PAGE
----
when it is based on minimum strength for 1% creep. Nonetheless, a large variability
complicates the development of creep models needed from producing isochronous stress-
strain curves in the low strain region. Thermo-mechanical studies may offer insight with
respect to methods to minimize the variability of primary creep behavior. A simple
stabilizing anneal may provide the answer [35].

Tertiary creep in alloy 800H has been a concern since the material was first proposed for
use in gas-cooled reactors in the early 1970s. As mentioned above, consideration of
tertiary creep in materials behavior modeling for component analysis is the essential
feature of the Omega approach utilized in API 579 [36]. The Omega function is only one
of several models for continuum damage mechanics (CDM) that capture tertiary creep
behavior, but it has been shown to represent ferritic steels quite well. The appearance of
some primary creep in solid-solution nickel-base alloys such as alloy 230 (Figure 13),
alloy 556 (Figure 14), and in alloy 617 (Heat A in Figure 12) and alloy 800H after a
stabilizing heat treatments suggest that consideration of the primary creep component is
needed as an add-on to the Omega model. In this respect, other representations of the full
creep curve, such as those of Evans and Wilshire [37] and Dyson [38], may be better
suited to accommodate the creep behavior of the nickel-base alloys.

40

35
alloy 617
800 C 100 MPa
30

25

20

Heat A
15

10 Heat B

0
0 500 1000 1500 2000

time (h)

Figure 12. Two creep curves for alloy 617 showing the variability in primary
creep.

22
5

alloy 230

27.6
41.4
3 55.2
68.9
82.7

0
0 200 400 600 800 1000

time (h)

Figure 13. Creep curves for alloy 230 at 871°C.

Figure 14. Creep curves for alloy 556 at three temperatures.

23
Relaxation data:

Relaxation has been examined for most of the candidate nickel-base alloys. Typically,
relaxation “runs” last for 100 hours, or so, and in some studies repetitive runs are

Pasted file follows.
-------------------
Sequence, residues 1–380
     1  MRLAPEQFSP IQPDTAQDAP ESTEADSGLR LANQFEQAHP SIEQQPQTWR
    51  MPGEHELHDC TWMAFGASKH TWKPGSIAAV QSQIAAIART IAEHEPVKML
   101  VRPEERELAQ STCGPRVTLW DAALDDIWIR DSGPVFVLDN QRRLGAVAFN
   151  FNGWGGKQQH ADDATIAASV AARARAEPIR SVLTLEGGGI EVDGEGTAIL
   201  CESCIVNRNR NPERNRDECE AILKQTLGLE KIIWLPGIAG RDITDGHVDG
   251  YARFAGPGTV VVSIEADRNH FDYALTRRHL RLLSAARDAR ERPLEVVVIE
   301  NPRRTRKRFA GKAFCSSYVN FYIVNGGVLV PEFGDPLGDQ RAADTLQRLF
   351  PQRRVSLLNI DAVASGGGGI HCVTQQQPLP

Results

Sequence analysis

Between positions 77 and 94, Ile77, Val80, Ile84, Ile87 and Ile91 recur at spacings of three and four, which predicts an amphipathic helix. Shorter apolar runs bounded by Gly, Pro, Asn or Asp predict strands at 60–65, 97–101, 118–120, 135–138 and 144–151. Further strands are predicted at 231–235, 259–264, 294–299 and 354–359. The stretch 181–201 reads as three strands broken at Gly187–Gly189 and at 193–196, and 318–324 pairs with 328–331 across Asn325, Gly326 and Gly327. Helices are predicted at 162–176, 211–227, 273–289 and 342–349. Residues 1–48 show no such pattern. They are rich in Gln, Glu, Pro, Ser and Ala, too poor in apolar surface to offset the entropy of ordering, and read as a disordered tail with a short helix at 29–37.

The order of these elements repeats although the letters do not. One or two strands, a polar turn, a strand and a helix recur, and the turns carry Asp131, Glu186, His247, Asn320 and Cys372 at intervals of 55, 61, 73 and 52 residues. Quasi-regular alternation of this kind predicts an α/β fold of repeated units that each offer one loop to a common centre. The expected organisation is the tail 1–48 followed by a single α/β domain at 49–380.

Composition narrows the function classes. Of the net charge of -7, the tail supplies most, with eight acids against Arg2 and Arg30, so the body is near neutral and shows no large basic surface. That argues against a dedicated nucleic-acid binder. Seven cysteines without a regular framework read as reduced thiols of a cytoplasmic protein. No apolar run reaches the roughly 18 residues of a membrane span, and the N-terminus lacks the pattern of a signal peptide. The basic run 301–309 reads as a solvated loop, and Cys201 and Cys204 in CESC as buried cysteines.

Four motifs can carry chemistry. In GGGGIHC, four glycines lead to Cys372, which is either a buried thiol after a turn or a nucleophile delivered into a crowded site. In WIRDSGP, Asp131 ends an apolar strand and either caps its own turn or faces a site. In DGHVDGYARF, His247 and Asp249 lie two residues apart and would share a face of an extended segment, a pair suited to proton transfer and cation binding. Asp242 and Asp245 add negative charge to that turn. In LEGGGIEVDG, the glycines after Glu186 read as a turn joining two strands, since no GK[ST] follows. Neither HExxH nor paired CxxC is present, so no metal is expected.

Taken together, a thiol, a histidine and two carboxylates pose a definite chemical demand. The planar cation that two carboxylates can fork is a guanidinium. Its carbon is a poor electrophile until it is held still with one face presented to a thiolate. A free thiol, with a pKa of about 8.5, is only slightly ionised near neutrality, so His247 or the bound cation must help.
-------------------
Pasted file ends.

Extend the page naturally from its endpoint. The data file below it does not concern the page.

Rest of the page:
employed to examine the high-temperature creep hardening or softening behavior. Of
course, relaxation can be calculated from a creep model with some assumption as to the
creep-hardening mechanism and this has been demonstrated for some materials.
Examples of materials included in such relaxation studies are alloy 617 [39], alloy X
[40], alloy 556 [41], and alloy 800H [32]. Generally, test results revealed satisfactory
prediction of behavior, with a tendency for some hardening for repetitive relaxation runs
at lower temperature and stabilized relaxation rates at higher temperatures. The long-
time relaxation data produced by NIMS for alloy 800H [42] was of interest because of a
slight increase in stress at long time was consistently observed. Possibly, this increase in
stress reflects a precipitation or re-solution process that produces a slight volume
contraction.

Most long-time relaxation data represent monotonic deformation, and the calculation of
the relaxation from secondary stresses produced in a component from cyclic operation
that experiences cyclic plastic strains is another matter. It is unlikely that there will be an
uninterrupted period of service in a component that would result in relaxation over tens of
thousands of hours. It is possible, however, that cycling, when it occurs, could cause a
relatively brief change in the elastic stress and a return to the pre-interruption relaxation